Monday, October 26, 2009

October Songs...

Yikes, I can't believe how quickly this month has flown past. I've been swamped in work and have been trying to keep head above water. I'm happy to say that I'm almost done with a first round of edits on a LPI novel that's been haunting me. Khepera Rising is in galleys now and oh, my... I'm still tweaking. Thing is, I'm making progress but I need to be done with that by November 1.

On the news front, Keith Pyeatt interviewed me the other day, and the blog is up at:

So, do drop by and say "hoesit, my broer". Oh, and you'll get to read about my penguin-wrangling days.

More news is that I've just accepted a big editing job from a fellow South African fantasy author, whose first novel can be considered a bestseller for our country. This job will take a long, long time to complete, since the MS is a whopper. But hats off to the man. He's a good writer and I hope to share further news once things are more concrete.

And without further ado... I must go catch my tail.

Tuesday, October 20, 2009

Murphy will have the last word...

On travel writing...
Sometimes I have to laugh and shake my head. On Saturday, HJ and I collaborated on our first travel story in ages, a trip out to DelVera in the Stellenbosch winelands. Situated on the R44 on the corner of the Muldersvlei Road, this agricultural village is definitely a place to consider visiting if you're tired of places like Spier etc.

The place used to be a pig farm and the owners (of Delheim fame) are slowly (and organically) turning this into a thriving destination for people who love epicurean delights such as all manner of olive produce, organic farm food... and just stuff. Of particular note was ceramicist Johan's raku pottery. We timed our visit well to coincide with a firing and it was spectacular to see carbon-blackened pots wash clean to reveal the characteristic cracked cream or white raku glazes.

But I'm not going to wax lyrical ad nauseam here. If your interest is piqued, go check out:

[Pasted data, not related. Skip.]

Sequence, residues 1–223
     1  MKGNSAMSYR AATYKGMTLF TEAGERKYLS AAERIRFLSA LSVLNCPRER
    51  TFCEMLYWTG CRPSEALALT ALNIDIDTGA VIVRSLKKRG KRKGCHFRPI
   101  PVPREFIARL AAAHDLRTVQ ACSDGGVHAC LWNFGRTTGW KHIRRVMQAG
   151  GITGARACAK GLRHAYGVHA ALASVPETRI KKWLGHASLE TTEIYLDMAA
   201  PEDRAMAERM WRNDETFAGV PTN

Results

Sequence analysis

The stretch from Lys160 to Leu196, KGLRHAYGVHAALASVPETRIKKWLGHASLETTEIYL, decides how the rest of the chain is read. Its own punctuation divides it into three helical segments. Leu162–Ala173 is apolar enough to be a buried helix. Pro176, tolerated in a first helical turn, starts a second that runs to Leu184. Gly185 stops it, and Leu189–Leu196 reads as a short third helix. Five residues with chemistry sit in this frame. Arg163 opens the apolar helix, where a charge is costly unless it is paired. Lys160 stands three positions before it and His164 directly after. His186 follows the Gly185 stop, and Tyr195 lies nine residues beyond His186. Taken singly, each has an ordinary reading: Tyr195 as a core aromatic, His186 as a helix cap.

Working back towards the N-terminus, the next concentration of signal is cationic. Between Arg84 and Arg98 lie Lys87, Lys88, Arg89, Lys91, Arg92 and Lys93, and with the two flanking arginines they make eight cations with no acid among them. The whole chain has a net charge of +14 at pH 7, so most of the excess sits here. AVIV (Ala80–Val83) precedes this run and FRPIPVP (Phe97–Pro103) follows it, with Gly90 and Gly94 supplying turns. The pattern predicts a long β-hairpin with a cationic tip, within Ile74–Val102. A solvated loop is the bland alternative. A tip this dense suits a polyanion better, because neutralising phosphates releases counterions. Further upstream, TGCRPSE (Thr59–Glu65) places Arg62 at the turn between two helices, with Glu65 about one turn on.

I'm so going back there, especially since the famous Kokerboom Nursery (of Vanrhynsdorp fame) has opened a branch and I saw some aloe specimens with my name written on them. And I didn't even get a look at the euphorbias.

Staying with travel writing, unless Murphy has the last word, I'll be zooting off to the lovely island of Mauritius for four days. I've okayed it with the bosses and they're happy that I'll be writing for one of the national papers. This is a big (and unexpected) step forward for my travel writing, which has, sadly, been on the backburner for a while now that I've been concentrating on my fiction writing and editing.

Then... A '49 Hudson Six update...
Today Thomas went to go see the new mechanic who'll be working on our Hudson. The guy jokingly refers to the car as "the Shrek car" because, well, it's f***ing big and green. We're hoping this new chap will have the time and the passion to help us get our li'l hellraiser on the road. Plans are already afoot to convert the back seat into a fold-down double bed... Woo-hoo!

On writing...
Really. I wasn't going to do it but then a few writers from one of the crit groups I belong to started buzzing about it. Then I happened to read an old Andrew Lang fairytale which hints at Beauty and the Beast but has scope for a far more, erm, erotic treatment. Added to that, I've just finished the first draft for Ironclad Dreams, so I've a gap in the train-writing schedule.